PHARMACY

Chain pharmacy lauds Obama administration’s plan to curb Rx diversion, misuse

BY Antoinette Alexander

ALEXANDRIA, Va. — The National Association of Chain Drug Stores announced on Friday that it sent a letter to the White House Office of National Drug Control Policy in support of the administration’s strategy to prevent and reduce prescription drug diversion and misuse. Last month, the administration released its report, "Epidemic: Responding to America’s Prescription Drug Abuse Crisis," detailing its policy recommendations.

"We appreciate the Obama administration’s recently released plan for responding to the current prescription drug abuse crisis, and would like to voice our support for the administration’s plan," NACDS wrote. The letter emphasized the highly beneficial uses of prescription medications, and highlighted ways in which pharmacists partner with patients to assist them with the appropriate use of prescription medications, and to help them adhere to their medication therapies.

"Pharmacists are uniquely qualified to provide medication therapy management services to patients, which help ensure that patients are prescribed the correct medications and that they are taking them properly," NACDS wrote.

In addition to providing patient care, chain pharmacies also partner with law enforcement and participate in state-run prescription drug monitoring programs, which work to help reduce prescription drug diversion and "doctor shopping" — seeking prescriptions from multiple physicians at the same time.

"We support the administration’s plans to enhance and increase utilization of these [PMP] programs among prescribers and to provide federal, state and local officials with the resources they need to utilize these tools to the maximum benefit," NACDS wrote.

NACDS emphasized the importance of protecting patient health and safety and the security of the prescription drug supply chain by maintaining a separation between prescription drug dispensing locations and drug take-back locations. NACDS expressed its prior support for a Drug Enforcement Administration-sanctioned prescription mail-back program.

Along with providing pharmacy’s support for the administration’s strategy to combat and prevent prescription drug diversion and misuse, NACDS indicated that it also used the comment letter to thank the Food and Drug Administration for its step-wise approach to its Risk Evaluation and Mitigation Strategy for opioids, which incorporated pharmacy’s concerns.

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PHARMACY

Study: Statin users are less adherent when multiple physicians, trips to pharmacy are involved

BY Alaric DeArment

NEW YORK — Patients taking cardiovascular drugs may become less adherent if they have to see multiple physicians and make frequent trips to the pharmacy, according to a new study published in the journal Archives of Internal Medicine.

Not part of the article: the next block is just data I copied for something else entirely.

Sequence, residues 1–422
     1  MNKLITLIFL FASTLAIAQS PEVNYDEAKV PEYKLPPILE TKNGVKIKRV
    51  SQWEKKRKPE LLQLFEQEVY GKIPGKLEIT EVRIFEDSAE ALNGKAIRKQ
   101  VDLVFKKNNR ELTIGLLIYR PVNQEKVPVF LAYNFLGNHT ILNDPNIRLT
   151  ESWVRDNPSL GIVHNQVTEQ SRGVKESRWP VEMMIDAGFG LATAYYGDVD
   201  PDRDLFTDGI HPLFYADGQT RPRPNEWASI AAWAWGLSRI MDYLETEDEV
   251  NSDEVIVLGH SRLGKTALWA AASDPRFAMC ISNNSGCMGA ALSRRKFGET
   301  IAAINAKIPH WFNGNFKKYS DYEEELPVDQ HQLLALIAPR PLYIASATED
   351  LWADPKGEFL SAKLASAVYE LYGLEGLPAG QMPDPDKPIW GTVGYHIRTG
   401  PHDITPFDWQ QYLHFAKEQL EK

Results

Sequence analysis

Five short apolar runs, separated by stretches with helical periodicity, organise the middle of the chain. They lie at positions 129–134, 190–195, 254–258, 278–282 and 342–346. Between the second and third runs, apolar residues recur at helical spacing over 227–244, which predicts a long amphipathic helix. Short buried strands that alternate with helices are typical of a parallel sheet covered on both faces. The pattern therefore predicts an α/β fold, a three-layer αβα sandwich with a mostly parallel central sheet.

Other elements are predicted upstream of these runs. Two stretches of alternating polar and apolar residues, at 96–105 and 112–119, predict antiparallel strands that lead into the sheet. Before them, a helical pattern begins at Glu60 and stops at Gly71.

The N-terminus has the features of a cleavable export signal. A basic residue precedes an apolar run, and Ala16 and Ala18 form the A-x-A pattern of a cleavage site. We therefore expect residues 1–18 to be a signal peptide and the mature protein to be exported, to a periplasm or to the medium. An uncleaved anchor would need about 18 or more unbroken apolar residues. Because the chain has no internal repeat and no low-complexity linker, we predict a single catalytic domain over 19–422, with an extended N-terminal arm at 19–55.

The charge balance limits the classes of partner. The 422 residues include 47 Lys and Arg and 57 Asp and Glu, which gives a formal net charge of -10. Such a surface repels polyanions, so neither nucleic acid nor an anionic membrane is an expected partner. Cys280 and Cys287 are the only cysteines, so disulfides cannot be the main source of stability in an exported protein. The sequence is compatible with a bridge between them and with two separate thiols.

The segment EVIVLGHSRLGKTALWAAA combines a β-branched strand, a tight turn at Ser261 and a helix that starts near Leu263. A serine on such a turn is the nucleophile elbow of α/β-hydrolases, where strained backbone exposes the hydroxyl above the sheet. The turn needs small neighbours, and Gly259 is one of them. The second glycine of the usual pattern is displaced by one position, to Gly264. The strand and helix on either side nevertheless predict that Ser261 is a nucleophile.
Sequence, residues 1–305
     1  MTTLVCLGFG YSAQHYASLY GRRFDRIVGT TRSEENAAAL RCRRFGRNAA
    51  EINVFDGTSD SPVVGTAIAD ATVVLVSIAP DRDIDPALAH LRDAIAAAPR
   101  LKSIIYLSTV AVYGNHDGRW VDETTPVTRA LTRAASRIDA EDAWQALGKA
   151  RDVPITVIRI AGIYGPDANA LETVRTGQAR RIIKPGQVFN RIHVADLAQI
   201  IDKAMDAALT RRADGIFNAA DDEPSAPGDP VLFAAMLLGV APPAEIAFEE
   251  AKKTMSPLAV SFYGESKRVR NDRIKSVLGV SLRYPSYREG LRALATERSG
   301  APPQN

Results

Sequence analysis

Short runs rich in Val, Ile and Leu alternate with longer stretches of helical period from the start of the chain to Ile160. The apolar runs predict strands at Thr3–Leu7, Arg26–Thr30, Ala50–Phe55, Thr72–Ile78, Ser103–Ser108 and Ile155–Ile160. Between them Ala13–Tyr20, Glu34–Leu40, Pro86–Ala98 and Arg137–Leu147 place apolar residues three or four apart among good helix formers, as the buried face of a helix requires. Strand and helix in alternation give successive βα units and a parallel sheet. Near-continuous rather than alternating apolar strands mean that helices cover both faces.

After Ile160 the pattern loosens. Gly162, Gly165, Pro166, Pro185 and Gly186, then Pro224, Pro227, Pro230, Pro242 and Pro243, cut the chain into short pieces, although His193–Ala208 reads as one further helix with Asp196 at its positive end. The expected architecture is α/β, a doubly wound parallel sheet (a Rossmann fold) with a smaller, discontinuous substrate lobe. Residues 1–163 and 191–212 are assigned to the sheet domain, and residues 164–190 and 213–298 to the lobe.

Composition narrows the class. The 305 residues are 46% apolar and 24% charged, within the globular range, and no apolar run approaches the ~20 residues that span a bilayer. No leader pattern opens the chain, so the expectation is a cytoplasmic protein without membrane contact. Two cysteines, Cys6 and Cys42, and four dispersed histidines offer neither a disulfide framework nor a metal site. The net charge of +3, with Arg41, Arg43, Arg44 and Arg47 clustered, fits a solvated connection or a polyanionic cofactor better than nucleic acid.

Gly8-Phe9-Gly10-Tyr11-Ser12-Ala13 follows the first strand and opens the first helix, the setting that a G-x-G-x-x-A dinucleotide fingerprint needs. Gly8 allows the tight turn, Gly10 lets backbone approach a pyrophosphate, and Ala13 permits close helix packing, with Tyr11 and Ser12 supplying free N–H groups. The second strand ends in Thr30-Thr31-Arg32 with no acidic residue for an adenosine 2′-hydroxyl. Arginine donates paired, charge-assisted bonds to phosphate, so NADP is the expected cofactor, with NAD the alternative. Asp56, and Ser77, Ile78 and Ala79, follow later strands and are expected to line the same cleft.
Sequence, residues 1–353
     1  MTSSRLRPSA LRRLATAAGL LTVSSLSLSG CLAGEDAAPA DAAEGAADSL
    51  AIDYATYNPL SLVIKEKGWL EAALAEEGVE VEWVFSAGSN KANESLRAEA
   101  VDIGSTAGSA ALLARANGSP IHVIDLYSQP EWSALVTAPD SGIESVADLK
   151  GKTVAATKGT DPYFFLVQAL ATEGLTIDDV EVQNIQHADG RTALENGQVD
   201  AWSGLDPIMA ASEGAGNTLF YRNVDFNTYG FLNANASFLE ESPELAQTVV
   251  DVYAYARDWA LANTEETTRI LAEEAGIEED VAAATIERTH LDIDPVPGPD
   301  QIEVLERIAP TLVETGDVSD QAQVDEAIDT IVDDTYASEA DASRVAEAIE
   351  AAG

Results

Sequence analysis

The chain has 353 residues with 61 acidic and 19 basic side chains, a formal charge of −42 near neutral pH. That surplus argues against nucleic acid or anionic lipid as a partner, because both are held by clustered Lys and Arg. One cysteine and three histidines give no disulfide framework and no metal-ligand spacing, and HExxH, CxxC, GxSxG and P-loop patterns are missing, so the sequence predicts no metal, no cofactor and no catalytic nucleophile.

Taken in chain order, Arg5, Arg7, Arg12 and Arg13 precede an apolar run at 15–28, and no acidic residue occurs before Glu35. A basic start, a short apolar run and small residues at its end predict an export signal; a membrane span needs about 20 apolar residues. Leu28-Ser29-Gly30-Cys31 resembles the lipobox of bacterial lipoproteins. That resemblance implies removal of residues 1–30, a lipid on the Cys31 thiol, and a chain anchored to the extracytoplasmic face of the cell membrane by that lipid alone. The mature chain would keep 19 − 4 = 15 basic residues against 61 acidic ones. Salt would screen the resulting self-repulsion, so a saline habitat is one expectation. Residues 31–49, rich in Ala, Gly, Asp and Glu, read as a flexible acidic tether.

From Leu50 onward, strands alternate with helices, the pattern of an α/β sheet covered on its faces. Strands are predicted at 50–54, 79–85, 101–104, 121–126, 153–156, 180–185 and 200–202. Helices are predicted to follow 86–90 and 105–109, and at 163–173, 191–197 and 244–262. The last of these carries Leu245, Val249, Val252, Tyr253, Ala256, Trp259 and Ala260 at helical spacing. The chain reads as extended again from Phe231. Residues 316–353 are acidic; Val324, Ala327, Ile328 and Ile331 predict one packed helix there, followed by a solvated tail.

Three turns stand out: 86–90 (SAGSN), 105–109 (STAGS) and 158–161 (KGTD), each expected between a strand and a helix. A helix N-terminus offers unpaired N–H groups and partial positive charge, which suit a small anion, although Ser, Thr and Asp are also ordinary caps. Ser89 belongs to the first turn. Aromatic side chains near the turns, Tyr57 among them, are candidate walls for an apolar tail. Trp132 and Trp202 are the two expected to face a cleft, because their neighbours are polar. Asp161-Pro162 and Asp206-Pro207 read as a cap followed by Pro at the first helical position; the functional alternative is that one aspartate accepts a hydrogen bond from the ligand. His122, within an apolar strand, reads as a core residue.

Researchers at Brigham and Women’s Hospital, Harvard Medical School in Boston and CVS Caremark analyzed data from 1.8 million patients taking statins and 1.5 million taking angiotensin receptor blockers or angiotensin-converting enzymes from between June 2006 and May 2007.

They found that greater complexity in prescribing and filling prescriptions resulted in lower levels of adherence, and those with the least refill consolidation had adherence rates 8% lower than those with the most. The researchers concluded that strategies to reduce the complexity of prescribing and filling prescriptions could help improve medication adherence.

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Compliance today saves dollars tomorrow, and pharmacy is here to help

BY Michael Johnsen

WHAT IT MEANS AND WHY IT’S IMPORTANT — Life doesn’t give you too many of those Magic 8 Ball moments, at least not the kind you can find at the pharmacy counter. Just ask the 8 Ball if medicine compliance is important for retail pharmacy, and the answer undoubtedly will come back, “It is decidedly so.”

(THE NEWS: Surgeon general, NCL introduce Script Your Future campaign. For the full story, click here)

Everyone knows that compliance today saves dollars tomorrow. The question is whether or not stakeholders — from the payers down to the patients — realize that the most accessible compliance tool is the white-coated healthcare professional who just adjudicated that prescription.

The fact is, if you increase compliance to prescription regimens, people are healthier for it to the tune of $290 billion in annual savings. And the pharmacy counter is just about the best place to realize those savings.

And that means the Script Your Future campaign could become the straw that stirs that value-of-pharmacy-awareness concoction. Ask the Magic 8 Ball what the chances of that are, and the answer very well may be, “Without a doubt.”

Because if you take a look at the list of sponsors and partners of the program, there certainly are a number of pharmacy influencers on the list, including pharmacy operators CVS Caremark, Kerr Drug and Walgreens.

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